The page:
Edi­tor’s com­ment

Cotswold Life - - NEWS - mike.lowe@archant.co.uk Fol­low Mike on Twit­ter: @cot­slifeed­i­tor

THIS month we con­sider one of the great ques­tions of our time – what is the point of Miche­lin stars? I sup­pose that once upon a time, such recog­ni­tion was a re­li­able in­di­ca­tor of qual­ity, but these days there are so many guide books and restau­rant awards – not to men­tion the dreaded Tripad­vi­sor – that you can find out ev­ery­thing from the ori­gin of the cut­lery to the chef’s in­side leg mea­sure­ment be­fore even go­ing near the es­tab­lish­ment in ques­tion. I ask be­cause there has been some small gnash­ing of teeth in the Cotswolds as a hand­ful of our bet­ter es­tab­lish­ments have had their Miche­lin ap­proval re­moved this time around. But does it re­ally mat­ter? We al­ready know that these are great places to eat so why are we so in thrall to the opin­ions of a French tyre man­u­fac­turer? (We must ex­clude from any of the fol­low­ing com­ments our very own Le Champignon Sau­vage, where chef/owner David Everitt-matthias has been get­ting the bal­ance of fine food and for­mal­ity just right for decades.) Eat­ing a meal in a Miche­lin-starred restau­rant is not al­ways the pleas­ant ex­pe­ri­ence you might think. Such is the weight of ex­pec­ta­tion that many din­ers are re­duced to strange be­hav­iour. On one side of you will be a cou­ple of earnest food­ies, quizzing the poor waiter over which side of the val­ley the wal­nuts on the salad were grown. They will then de­scend into a si­lence of in­tense con­cen­tra­tion, the only sound be­ing the clink of cut­lery and the rus­tle of card­s­tiff ta­ble linen as they sur­ren­der their taste buds to the holy min­is­tra­tions of the chefs. On the other side will be that mod­ern-day curse, the food blog­gers, click­ing and flash­ing as they pho­to­graph ev­ery as­pect of the dish on their phones be­fore bung­ing it up on In­sta­gram – by which time the food is cold and the maître d’ is clench­ing his frus­trated fists and con­tem­plat­ing blog­ger­cide. And in be­tween flits the pom­padured som­me­lier who sneered at you for or­der­ing the sec­ond cheap­est bot­tle on the eye-wa­ter­ing wine list and gets his re­venge by stick­ing your plonk in an ice bucket at the other end of the room. Listen pal, I’ll de­cide when to top my glass up, not you. Now get that bot­tle on the ta­ble, pronto. This stereo­typ­i­cal Miche­lin­starred ex­pe­ri­ence is a long evening of smarmy ser­vice, over-elab­o­rate cook­ing, daft prices and ‘per­son­al­ity’ chefs. And do we re­ally need to have our peas peeled or our lamb shred­ded, ris­soled, fag­got­ted, puréed and smeared? To be fair (and I don’t know why I bother), the French tyre com­pany has tried to move away from this char­ac­ter­i­sa­tion by be­com­ing more di­verse. Un­for­tu­nately the ridicu­lous re­sult can be seen in last month’s award of three stars – as good as it gets – to a Lon­don restau­rant called Araki which has only nine seats. I’ll re­peat that: it has only nine seats, which amounts to a star for ev­ery three cus­tomers. You will never be able to eat there be­cause it will now be fully booked un­til the day the poor chef ex­pires and so the whole ex­er­cise is com­pletely point­less. I sus­pect they’re just tak­ing le pee now.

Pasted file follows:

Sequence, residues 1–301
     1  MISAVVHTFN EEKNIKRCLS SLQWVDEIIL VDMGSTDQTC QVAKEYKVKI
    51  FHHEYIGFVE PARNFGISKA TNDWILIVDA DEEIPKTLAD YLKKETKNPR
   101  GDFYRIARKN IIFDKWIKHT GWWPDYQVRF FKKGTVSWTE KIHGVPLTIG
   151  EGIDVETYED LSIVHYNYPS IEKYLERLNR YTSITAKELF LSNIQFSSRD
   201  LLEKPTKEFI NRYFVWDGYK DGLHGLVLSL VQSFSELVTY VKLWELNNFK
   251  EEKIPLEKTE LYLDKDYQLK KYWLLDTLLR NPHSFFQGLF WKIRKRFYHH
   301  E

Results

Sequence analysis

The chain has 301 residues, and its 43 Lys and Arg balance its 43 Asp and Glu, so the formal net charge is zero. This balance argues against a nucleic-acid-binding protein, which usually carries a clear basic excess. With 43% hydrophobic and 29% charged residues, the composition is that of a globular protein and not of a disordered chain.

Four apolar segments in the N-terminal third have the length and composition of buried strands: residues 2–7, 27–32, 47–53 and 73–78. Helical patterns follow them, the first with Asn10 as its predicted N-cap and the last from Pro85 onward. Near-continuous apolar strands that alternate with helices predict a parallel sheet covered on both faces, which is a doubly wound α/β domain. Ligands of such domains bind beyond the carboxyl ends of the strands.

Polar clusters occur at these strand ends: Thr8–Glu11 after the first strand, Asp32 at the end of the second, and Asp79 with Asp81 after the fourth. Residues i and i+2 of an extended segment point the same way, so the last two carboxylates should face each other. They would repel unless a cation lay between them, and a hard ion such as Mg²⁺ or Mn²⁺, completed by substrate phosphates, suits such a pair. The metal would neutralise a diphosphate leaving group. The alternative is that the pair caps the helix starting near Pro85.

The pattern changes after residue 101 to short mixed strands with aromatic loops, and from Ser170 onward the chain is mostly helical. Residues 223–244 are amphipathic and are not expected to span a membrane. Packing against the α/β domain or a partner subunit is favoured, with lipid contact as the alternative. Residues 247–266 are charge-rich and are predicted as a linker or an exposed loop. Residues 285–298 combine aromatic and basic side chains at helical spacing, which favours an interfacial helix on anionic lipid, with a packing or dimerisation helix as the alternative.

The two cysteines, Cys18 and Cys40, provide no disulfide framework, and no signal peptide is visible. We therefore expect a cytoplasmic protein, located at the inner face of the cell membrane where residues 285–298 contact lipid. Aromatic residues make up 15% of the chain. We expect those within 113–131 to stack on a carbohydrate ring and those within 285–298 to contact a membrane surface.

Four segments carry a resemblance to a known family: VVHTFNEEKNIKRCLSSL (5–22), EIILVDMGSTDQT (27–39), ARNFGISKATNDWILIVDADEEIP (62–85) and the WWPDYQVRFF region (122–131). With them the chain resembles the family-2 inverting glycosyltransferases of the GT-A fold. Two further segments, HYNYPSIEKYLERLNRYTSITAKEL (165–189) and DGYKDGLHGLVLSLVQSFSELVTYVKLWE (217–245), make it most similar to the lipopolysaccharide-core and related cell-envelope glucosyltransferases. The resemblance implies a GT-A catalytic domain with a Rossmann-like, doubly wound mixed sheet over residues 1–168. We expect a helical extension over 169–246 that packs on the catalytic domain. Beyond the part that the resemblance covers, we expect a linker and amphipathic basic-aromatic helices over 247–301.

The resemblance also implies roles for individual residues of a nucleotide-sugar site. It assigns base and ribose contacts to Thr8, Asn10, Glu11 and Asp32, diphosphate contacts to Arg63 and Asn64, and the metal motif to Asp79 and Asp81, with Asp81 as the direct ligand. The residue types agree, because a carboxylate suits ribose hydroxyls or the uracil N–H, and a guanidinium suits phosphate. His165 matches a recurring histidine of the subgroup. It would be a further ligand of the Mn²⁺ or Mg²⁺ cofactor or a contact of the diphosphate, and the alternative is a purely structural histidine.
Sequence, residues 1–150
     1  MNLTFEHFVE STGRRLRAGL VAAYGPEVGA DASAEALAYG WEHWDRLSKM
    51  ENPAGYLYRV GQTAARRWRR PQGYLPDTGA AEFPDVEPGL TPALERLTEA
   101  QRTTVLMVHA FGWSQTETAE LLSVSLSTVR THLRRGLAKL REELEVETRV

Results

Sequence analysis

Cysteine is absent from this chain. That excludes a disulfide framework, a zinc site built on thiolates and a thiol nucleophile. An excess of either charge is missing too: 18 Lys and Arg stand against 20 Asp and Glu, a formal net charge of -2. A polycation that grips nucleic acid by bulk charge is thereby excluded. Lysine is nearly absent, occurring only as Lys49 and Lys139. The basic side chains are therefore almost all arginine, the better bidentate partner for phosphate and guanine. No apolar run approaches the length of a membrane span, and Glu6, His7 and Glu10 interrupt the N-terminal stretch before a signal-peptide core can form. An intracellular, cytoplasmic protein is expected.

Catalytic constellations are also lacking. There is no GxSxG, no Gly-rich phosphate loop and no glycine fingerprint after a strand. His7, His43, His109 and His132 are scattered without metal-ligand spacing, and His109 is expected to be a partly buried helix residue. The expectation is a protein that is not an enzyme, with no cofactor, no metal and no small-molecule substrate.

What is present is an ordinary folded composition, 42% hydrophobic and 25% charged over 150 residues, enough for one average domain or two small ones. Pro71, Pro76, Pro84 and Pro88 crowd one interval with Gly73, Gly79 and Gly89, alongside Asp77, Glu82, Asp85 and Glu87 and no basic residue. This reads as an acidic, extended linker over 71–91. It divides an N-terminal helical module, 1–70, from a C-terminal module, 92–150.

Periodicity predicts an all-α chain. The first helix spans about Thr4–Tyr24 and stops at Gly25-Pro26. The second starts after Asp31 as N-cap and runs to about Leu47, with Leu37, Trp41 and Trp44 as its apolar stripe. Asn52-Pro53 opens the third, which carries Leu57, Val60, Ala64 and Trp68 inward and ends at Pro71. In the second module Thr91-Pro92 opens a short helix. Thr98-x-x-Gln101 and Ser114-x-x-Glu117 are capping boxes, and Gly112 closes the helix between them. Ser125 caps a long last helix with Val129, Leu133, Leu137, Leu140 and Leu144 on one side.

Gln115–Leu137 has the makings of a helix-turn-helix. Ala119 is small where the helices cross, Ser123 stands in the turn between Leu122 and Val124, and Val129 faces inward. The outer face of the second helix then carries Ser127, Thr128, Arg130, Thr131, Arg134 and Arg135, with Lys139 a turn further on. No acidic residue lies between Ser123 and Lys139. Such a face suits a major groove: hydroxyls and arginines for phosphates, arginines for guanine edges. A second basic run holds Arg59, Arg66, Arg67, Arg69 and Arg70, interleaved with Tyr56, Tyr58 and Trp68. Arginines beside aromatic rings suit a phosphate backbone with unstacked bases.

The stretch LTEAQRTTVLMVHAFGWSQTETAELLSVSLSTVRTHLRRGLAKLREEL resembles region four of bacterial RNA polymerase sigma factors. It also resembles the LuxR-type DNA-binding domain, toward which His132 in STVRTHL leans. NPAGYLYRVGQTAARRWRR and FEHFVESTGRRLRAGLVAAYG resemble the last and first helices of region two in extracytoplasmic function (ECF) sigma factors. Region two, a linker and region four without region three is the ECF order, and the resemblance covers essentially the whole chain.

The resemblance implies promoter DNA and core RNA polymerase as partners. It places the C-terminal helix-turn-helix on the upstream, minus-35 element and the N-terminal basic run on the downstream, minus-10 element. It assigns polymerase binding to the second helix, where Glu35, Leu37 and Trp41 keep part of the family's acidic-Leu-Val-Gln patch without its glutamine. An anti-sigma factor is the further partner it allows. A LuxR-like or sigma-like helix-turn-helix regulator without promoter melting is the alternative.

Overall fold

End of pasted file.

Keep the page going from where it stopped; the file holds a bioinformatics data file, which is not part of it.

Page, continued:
TIME for the an­nual rant about fire­work abuse. This year Novem­ber 5th falls on a Sun­day. We can there­fore ex­pect a week­end’s worth of whizz-bangs over three nights. For those of us with dogs of a ner­vous dis­po­si­tion, this is not only suf­fi­cient but also too much.

How­ever, as a magazine which de­fends the rights of peo­ple to do what they want as long as they don’t harm oth­ers, it’s some­thing we have to put up with. But let me tell you, the amuse­ment value in watch­ing a shiv­er­ing whip­pet dressed in an Eric Can­tona T-shirt wears pretty thin by the Third Night.

Miche­lin Man: Now let us drink!

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